What's New in the World of Geospatial Gaming 2016
At Fulcrum, location is baked into everything we do. From helping our customers track wildlife in Kenya and flag landmines in Cambodia during the workday to creating maps of cool places to eat in St Petersburg in our off hours, where we are means a lot to us. Suffice to say, when we have a chance to check out an interesting app that uses geospatial data, we’re all over it. Today, I want to follow up on a geogaming blog post I made almost a year ago, and discuss some of the new games and apps using spatial data in interesting ways.
If you’ve been living under a rock for the last few weeks, you might not have heard of Pokémon Go, the real-time scavenger hunt game that has grown its user base to the size of Twitter in only one week. Using your phone, you walk the streets of your city, looking for small creatures known as Pokémon, which you train and use to capture key points in your city, known as Gyms.
If this sounds a lot like a pared down version of Ingress, well thats because it is. Pokémon Go is built on top of the data Niantic captured from the Ingress Missions last year. The gameplay is similar, albeit with some new features and the Pokémon theme. Pokémon Go is a free download, and in game credits can be purchased for upgrades.
Swarm is an app produced by Foursquare Labs that allows you to compete with friends by checking into various locations and becoming the Mayor. Use your camera to take photos at the various places you visit, and collect stickers related to the places you go. For example, you might get a piece of sushi sticker if you visit several Japanese restaurants, or a mug of beer sticker for visiting bars. Swarm allows you to share interesting places and experiences, and humbly brag to your friends along the way.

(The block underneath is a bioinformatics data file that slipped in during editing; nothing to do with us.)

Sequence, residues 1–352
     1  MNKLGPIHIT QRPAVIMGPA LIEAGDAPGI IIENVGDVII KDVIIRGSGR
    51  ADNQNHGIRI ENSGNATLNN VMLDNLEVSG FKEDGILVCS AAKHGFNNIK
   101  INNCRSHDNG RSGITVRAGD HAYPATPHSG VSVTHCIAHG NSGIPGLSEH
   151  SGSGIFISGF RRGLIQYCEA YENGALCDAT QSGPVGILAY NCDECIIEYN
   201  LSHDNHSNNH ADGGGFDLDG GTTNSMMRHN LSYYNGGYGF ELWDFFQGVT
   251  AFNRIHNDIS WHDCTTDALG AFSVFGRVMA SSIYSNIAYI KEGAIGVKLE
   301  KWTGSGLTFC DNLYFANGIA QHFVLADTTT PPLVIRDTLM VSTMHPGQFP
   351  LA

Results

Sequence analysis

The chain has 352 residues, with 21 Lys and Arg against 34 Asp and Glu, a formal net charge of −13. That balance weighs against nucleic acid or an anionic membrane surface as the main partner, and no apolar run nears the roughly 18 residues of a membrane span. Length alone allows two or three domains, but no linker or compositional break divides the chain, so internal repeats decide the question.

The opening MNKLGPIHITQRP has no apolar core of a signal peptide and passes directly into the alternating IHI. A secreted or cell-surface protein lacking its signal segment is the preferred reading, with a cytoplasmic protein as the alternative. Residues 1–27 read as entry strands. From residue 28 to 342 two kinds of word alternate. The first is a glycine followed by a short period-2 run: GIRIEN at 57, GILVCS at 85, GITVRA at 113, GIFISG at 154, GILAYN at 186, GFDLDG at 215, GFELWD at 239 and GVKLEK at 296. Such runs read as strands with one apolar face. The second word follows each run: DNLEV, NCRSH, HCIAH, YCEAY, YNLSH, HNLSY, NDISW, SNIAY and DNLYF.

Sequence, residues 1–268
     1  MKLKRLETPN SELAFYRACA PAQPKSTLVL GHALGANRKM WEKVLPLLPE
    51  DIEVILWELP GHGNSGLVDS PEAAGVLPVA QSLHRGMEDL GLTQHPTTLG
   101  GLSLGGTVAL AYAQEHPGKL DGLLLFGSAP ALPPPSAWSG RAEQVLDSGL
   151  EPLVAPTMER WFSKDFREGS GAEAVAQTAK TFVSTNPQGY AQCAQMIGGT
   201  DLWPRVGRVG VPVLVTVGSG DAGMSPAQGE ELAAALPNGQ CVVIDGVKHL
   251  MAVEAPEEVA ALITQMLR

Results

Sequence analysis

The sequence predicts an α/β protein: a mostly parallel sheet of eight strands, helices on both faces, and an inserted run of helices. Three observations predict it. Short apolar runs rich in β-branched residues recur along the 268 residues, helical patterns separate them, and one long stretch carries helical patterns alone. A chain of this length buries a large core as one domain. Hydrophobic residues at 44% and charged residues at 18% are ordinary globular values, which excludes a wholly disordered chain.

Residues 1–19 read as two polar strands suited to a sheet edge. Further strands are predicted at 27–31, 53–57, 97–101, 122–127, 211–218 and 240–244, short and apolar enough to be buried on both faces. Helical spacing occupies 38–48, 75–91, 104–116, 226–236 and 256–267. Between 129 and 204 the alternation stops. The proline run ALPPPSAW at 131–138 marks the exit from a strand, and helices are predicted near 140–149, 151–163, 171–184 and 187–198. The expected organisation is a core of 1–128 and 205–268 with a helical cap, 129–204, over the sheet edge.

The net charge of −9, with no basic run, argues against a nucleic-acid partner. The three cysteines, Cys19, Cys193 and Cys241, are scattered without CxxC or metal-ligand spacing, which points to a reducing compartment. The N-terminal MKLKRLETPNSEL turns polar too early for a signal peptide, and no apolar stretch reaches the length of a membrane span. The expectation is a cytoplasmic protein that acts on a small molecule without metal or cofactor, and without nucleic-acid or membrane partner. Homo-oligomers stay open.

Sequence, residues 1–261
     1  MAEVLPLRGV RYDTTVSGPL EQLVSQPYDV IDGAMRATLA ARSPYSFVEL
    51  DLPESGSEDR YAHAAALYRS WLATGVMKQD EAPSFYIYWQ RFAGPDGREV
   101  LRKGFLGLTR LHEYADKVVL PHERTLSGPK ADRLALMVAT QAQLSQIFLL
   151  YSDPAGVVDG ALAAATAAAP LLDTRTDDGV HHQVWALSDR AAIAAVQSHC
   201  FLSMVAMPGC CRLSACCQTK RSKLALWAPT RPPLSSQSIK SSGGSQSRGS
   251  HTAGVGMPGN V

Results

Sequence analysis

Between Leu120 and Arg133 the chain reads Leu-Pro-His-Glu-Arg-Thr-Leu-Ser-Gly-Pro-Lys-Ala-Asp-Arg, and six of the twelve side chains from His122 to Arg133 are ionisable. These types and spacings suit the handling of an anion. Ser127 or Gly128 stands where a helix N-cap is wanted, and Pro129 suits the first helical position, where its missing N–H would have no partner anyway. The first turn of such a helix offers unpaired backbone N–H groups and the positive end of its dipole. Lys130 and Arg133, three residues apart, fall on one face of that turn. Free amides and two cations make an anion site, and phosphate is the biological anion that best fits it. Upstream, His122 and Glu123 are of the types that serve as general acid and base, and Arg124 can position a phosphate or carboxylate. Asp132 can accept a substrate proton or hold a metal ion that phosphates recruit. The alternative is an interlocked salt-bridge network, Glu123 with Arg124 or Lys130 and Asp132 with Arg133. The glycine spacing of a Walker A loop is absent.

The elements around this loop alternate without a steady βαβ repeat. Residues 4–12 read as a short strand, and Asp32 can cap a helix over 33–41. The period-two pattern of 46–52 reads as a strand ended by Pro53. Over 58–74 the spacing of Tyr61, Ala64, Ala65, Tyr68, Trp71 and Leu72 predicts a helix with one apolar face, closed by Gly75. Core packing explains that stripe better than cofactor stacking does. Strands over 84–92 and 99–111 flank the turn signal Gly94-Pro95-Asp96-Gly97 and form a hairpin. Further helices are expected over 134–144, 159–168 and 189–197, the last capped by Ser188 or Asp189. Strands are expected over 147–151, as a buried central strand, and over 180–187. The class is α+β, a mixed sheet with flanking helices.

Over the last few years, you might have heard of geodating apps Bumble, Happn and Tinder. All of these apps work in a similar manner: You create a bio & upload a few pictures to create an account, define a geographic radius, and are then presented with a series of profiles of people in the area. You swipe right if you like a person, and swipe left if you don’t. If both users swipe right, a match is made, and you can use the in app chat to begin talking to the person.
Bumble goes a little further, and only allows women to initiate the conversation if they match (kind of like a modern-day Sadie Hawkins Dance). Happn only lets you connect to your match if you and your match have actually crossed paths in the real world.
These apps are an interesting approach to dating, and can be a fun way to make new friends, go on dates, or maybe even find the love of your life.
Aurasma is an augmented reality app that uses QR codes from newspapers, posters, and other printed material, and overlays video, images, or buttons visible on your phone. These pieces of media can be clicked, played and interacted with as if they were right in front of you. Aurasma also overlays location data over the camera images, so you know the direction and distance to your favorite coffeeshop, or to discover a new restaurant. Aurasma looks like a promising app, but appears to be in use only in limited circumstances.
This is a really exciting time for the geospatial technology industry, and as more and more game developers tap into the power of spatial data in their apps and augmented reality offerings, I’d expect more games similar to Pokemon Go and Aurasma coming out in the near future.